The process that I went through to make my This I Believe video was fairly simple. It had to start, of course, with my beliefs. I made not quite a list, not quite an essay, but a list with a little bit of explanation into each beliefs. I realized I had a lot of small beliefs that really didn’t fit into any the paragraphs which I had written, so I decided to include them all at the end. I took eight pieces of paper, one for each paragraph, and sketched out a design in pencil. I erased this until there was only a very faint outline that wouldn’t be noticeable in the video. I set up a camera and tripod and then proceeded to ink in my designs on camera. I then imported all the tapes into iMovie and sped them up to 800% (except for one section, which I ended up speeding up to 1600% and the very end, played at a natural speed). I had to cut some parts out to ensure that it flowed well and also so that is was not too long as to lose the attention of the audience.

The part that was the most fun was definitely the planning phase, when I sketched out all the designs in pencil. This was when I got the chance to be the most creative and figure out how to best represent by beliefs on paper and in a way that would also work in the video. The most challenging part was definitely the editing. However, the filming itself, though it was just tracing over what I had already drawn, was also difficult in that I knew I couldn’t go back and fix things if I made a mistake. Instead, I had to rely on what I could do in editing the clips to cut out and correct and problems. If I had to go back and do the project again, the one thing I would do differently would be to make sure everything in the video was legible. Before I made it, I had no idea a) how small my words would appear on the screen b) how quickly my video would go and c) the quality that it would be uploaded to YouTube. All of these were large factors that I would have to adjust.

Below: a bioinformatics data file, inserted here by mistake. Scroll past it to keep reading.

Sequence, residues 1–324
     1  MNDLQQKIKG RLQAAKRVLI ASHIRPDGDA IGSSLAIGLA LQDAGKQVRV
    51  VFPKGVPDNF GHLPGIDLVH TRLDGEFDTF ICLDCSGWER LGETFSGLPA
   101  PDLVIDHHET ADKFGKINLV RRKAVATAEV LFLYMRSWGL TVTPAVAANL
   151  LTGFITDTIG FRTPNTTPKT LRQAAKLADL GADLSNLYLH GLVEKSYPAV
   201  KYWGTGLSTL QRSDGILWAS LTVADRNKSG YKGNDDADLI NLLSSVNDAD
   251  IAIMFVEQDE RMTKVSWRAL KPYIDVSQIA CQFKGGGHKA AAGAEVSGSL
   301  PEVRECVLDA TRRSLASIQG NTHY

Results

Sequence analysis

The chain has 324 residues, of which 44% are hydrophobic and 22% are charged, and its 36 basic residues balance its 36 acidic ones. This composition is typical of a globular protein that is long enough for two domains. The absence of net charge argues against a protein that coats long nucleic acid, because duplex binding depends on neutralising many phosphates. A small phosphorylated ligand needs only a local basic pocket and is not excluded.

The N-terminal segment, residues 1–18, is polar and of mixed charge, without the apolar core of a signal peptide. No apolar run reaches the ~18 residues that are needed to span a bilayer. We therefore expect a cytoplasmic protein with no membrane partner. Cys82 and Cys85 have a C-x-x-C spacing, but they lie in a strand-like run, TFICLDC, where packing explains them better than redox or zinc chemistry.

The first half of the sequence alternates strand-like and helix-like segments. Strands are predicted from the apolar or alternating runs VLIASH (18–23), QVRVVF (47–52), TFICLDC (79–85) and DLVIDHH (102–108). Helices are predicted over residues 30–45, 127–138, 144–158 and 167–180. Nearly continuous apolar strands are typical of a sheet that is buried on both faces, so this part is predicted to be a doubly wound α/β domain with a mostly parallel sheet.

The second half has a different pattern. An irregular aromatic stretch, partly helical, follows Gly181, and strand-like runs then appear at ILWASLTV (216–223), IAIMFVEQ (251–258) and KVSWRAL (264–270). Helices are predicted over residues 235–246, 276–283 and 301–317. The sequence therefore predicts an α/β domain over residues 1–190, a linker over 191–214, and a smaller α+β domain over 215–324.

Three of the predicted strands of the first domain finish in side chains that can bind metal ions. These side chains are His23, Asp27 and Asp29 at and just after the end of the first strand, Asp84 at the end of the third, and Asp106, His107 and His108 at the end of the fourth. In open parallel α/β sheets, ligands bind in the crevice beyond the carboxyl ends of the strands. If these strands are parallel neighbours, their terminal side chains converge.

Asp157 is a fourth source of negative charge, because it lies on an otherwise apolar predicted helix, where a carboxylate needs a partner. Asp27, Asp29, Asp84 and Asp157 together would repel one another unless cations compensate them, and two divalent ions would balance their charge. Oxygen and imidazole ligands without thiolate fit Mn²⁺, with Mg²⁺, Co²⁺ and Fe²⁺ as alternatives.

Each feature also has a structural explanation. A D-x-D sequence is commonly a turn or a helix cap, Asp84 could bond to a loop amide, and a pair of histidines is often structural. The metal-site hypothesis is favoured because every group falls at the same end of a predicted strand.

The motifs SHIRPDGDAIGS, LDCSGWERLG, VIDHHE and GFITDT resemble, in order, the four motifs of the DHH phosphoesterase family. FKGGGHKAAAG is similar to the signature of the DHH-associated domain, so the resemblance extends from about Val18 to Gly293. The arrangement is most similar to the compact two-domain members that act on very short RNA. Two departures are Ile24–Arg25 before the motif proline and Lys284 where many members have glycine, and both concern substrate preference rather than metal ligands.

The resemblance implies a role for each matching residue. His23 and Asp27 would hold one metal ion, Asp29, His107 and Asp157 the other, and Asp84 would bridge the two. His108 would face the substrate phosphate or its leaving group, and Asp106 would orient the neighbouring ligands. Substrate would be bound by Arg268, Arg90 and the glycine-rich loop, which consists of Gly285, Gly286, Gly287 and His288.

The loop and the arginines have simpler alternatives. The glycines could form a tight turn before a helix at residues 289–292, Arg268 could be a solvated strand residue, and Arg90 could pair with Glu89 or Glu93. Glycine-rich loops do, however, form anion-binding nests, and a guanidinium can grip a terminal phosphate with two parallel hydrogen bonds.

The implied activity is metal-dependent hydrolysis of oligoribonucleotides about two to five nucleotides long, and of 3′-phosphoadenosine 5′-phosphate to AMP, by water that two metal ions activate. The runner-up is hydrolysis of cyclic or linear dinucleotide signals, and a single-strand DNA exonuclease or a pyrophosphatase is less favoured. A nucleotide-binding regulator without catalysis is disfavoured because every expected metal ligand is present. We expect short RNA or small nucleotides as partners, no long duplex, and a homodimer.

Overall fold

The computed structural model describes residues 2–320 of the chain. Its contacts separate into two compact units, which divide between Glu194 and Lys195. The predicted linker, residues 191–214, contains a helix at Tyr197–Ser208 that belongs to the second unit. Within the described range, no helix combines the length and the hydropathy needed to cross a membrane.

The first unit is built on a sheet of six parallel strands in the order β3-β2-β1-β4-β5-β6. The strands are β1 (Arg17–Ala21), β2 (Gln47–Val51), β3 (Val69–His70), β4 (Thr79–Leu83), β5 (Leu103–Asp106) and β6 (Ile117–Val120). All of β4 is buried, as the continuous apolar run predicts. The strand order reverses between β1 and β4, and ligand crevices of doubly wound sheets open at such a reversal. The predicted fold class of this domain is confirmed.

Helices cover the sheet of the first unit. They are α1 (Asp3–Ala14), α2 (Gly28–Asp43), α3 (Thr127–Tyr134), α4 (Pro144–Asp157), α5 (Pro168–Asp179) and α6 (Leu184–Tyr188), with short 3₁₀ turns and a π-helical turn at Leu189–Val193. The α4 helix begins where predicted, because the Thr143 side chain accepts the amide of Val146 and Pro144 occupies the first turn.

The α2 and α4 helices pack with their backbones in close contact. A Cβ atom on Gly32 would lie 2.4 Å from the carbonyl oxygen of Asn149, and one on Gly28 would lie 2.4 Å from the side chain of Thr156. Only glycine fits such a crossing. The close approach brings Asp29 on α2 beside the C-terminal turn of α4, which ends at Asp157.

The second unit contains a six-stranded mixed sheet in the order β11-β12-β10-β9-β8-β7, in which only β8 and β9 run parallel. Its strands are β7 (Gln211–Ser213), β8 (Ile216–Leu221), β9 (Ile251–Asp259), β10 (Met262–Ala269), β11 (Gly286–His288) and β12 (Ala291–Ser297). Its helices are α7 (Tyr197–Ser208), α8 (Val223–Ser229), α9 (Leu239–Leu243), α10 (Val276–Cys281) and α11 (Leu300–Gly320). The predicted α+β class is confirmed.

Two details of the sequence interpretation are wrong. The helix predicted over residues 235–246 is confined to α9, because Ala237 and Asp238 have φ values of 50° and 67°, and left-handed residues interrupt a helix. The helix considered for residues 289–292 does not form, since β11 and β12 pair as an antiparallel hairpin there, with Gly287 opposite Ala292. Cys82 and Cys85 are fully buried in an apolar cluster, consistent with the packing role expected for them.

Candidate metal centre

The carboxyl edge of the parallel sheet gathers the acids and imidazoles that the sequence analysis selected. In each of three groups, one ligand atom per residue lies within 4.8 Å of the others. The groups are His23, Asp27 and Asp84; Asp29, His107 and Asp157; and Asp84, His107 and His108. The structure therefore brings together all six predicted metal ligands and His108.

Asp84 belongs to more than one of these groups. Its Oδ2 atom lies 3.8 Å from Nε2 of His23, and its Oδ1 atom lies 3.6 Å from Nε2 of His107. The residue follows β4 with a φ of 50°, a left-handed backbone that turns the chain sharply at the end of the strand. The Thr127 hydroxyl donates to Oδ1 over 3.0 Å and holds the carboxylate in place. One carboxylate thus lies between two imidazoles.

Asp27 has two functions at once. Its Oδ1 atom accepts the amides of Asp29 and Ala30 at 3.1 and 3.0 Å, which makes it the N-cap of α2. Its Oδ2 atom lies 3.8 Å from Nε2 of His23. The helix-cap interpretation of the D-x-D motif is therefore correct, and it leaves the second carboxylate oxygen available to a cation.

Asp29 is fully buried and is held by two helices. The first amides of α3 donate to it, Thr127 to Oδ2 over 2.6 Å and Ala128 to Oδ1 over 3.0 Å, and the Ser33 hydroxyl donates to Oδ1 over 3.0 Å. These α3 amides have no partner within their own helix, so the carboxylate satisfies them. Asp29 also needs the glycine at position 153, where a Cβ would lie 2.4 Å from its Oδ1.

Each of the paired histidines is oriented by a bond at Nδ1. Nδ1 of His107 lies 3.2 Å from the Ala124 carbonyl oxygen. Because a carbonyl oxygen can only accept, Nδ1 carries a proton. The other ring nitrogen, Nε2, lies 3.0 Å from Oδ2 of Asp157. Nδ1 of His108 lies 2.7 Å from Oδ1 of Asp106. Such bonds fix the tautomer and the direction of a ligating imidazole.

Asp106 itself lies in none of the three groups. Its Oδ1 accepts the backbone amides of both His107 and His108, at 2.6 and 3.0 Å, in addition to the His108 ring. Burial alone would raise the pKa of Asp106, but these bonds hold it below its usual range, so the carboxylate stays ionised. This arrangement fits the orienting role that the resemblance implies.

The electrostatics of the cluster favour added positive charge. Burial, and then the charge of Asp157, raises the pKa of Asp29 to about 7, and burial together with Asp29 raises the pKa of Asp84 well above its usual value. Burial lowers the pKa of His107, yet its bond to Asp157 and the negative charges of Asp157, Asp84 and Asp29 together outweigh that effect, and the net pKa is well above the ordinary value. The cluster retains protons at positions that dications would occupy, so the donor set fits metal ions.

Having to pinpoint one belief to be included on my poster is difficult, but I think I’ll go with “Things don’t happen for a reason”.

Belief and Doubt

After reading the article “The Uncertainty of Knowledge”, I had some disagreements about the author’s position. I think that his ideas are generally sound: how can we possibly be sure that what we “know” is true? And, of course, it is impossible, by his standards. His argument about the supposed knowledge of our ancestors was a sound one, and something I had previously thought about. What things will the people of 3000 look back on with ridicule, as we do when we consider the possible flatness of the world? It is true, I’m sure that many things will be proven wrong as time goes on. However, I don’t think that means we should completely discount all sciences and all knowledge that we have acquired because it isn’t “true”. There are things that I know beyond a reasonable doubt, that there is evidence and many studies and experiments to support. Some of what we think we know now may certainly be changed in the future, but I certainly believe that some of it is correct. Some of it is at least a step in the path to comprehension of the world we live in. One of his final lines, “I find comfort in the thought that the creative mind fashions the world in which we live” speaks about his philosophy that this mass of inscrutability which is our universe can be interpreted in endless different ways by humanity. And I don’t necessarily agree with this. The creative mind may interpret the world in which we live, but it cannot actively change it. Though the creative mind may believe the world is flat, you can sail forever without finding an edge. I do, however, think that if you interpret his statement to mean that creativity is very important in our quest for new knowledge and our deciphering of the universe, than it is much more agreeable.